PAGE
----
Your last eight weeks of employment are used to determine your income. Given the income level and the cost of living for many, you may find the need for a greater benefit amount. Ask yourself “How long can I pay my bills on $170 per week.” For many the answer is “Not very long.”
A private short-term disability policy can help you increase the benefit amount to a more suitable level – up to sixty percent, with a cap of $6,500 monthly. Those with desires to cover childbirth should seek out coverage through an employer.
Keep in mind that a portion of your payments may be taxable. Your employer may charge you up to 60 cents per week to the cost of coverage. If you pay your portion of the premium cost using pre-tax contributions, then your entire benefit is taxed. Your employer must also contribute to make up the balance. Check your paystubs to determine tax consequences.
NYS Short-Term Disability Qualifications
New York State short-term disability insurance qualifications range from what medical conditions are covered, to which employers and employee classes are eligible. The plan covers off the job accidents and illnesses only. Worker’s compensation covers on-the-job accidents.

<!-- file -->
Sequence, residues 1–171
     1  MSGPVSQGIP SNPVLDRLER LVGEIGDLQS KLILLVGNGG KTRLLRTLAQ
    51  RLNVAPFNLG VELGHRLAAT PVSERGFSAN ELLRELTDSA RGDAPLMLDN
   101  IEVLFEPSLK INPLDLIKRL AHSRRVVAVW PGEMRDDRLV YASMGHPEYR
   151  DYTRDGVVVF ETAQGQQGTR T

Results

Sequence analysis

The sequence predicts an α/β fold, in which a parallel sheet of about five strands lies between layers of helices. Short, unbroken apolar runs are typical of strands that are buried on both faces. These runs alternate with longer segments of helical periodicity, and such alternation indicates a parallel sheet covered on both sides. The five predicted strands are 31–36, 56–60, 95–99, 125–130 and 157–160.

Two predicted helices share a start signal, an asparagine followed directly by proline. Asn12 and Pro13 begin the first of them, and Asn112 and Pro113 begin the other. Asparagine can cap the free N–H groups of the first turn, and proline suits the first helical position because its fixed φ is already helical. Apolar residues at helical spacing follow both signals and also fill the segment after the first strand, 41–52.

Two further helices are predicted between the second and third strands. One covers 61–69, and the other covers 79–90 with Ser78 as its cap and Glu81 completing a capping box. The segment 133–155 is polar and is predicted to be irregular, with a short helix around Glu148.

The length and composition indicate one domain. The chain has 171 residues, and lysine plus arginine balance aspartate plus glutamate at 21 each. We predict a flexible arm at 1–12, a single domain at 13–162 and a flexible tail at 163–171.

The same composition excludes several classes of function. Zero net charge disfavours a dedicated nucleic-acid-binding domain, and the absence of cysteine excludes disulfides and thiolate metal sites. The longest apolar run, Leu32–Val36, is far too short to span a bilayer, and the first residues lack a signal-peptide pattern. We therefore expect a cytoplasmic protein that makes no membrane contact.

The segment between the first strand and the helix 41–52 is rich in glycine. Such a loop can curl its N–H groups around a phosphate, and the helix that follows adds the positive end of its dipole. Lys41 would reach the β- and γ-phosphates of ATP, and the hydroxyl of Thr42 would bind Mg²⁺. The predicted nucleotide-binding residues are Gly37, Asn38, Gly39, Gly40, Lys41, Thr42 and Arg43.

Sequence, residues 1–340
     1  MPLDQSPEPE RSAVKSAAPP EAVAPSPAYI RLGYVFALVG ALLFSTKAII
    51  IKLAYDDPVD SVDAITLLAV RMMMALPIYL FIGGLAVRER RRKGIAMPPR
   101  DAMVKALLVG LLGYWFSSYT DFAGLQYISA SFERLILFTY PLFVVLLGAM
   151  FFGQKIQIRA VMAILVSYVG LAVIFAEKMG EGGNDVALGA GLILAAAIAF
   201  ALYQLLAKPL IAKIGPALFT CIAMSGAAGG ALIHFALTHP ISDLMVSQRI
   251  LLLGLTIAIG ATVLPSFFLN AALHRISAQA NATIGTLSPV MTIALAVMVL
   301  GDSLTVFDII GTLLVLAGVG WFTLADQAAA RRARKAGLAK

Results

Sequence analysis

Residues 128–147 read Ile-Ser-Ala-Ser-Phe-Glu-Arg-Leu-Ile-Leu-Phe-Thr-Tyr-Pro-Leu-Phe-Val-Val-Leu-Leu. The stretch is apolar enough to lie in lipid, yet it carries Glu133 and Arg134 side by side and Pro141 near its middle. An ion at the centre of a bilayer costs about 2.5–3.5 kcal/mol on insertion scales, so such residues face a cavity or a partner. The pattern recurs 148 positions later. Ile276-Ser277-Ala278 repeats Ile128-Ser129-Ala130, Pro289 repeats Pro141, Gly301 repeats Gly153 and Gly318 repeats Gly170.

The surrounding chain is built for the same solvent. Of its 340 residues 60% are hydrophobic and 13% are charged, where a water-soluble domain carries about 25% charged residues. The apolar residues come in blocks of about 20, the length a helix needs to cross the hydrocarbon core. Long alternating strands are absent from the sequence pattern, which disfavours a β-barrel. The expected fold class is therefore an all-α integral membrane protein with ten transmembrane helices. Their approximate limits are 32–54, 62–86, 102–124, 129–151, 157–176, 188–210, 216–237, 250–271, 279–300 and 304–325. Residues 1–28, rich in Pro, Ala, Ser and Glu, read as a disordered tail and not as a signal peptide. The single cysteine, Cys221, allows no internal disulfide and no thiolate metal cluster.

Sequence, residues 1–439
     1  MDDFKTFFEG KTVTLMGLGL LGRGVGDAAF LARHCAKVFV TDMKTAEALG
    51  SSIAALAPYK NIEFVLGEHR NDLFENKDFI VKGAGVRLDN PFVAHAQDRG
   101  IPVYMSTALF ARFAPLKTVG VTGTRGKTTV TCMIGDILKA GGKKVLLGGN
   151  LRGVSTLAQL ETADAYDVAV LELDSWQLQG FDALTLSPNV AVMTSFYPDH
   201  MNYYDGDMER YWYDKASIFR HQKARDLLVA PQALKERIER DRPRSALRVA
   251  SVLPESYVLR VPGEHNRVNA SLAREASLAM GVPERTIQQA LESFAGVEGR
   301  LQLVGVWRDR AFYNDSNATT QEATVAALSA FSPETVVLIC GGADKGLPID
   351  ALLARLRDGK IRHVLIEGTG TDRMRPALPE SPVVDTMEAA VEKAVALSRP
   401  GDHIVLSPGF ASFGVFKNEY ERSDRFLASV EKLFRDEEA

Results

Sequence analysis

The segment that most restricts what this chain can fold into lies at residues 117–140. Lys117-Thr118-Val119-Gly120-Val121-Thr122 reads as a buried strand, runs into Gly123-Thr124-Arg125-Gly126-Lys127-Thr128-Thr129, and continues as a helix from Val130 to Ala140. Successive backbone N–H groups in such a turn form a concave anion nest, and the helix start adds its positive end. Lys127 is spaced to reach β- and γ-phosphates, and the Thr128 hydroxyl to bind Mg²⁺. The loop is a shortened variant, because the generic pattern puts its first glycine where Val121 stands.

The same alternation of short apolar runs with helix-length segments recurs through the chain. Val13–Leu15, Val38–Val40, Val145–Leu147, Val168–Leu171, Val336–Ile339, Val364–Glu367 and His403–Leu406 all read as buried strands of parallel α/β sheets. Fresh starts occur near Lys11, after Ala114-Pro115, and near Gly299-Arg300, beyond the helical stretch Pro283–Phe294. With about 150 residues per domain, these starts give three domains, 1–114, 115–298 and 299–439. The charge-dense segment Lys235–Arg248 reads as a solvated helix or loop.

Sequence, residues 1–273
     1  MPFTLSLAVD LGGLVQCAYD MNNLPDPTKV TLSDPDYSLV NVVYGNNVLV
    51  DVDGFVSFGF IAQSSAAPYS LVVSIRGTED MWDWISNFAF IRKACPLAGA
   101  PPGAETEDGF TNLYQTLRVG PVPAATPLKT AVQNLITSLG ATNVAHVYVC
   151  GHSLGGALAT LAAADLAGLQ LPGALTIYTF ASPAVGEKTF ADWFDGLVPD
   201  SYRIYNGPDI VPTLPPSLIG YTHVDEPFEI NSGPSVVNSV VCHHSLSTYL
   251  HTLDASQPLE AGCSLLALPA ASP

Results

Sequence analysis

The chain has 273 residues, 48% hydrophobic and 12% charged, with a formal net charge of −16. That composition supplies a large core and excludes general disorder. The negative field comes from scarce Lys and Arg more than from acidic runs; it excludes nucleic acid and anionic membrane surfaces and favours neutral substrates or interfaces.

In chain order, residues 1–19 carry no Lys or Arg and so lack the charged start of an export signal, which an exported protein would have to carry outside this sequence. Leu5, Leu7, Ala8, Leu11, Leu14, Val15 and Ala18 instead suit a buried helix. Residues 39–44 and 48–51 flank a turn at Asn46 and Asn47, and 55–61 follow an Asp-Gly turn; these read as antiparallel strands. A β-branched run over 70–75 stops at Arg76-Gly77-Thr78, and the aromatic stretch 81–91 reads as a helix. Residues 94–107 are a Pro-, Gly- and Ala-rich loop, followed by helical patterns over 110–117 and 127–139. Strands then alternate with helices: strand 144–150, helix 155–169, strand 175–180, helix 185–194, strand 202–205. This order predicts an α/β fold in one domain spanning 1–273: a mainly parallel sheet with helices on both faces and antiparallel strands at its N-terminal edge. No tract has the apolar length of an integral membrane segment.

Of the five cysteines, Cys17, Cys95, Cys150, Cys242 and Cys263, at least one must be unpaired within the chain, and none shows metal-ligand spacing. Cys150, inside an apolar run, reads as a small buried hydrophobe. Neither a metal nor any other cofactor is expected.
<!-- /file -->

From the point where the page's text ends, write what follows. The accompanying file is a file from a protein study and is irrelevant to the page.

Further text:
Pregnancy Qualifying Condition
NYS short-term disability for pregnancy is the most common qualifying medical condition. The state plan begins paying prior to delivery, and six to eight weeks after giving birth.
Since childbirth is a very common qualifying medical event, women of childbearing age often find that this is the ideal time to add supplemental coverage. Start prior to conception.
NYS short-term disability eligibility hinges upon who pays into the system. Workers who commute from New Jersey or Connecticut are qualified under the plan, as they must contribute automatically.
Many employee classes and organizations are exempt from the statutory contribution requirement and may not be eligible. Keep in mind that your employer may elect to participate on a voluntary basis. Check with your employer to verify eligibility. Some of the groups that may not be eligible include: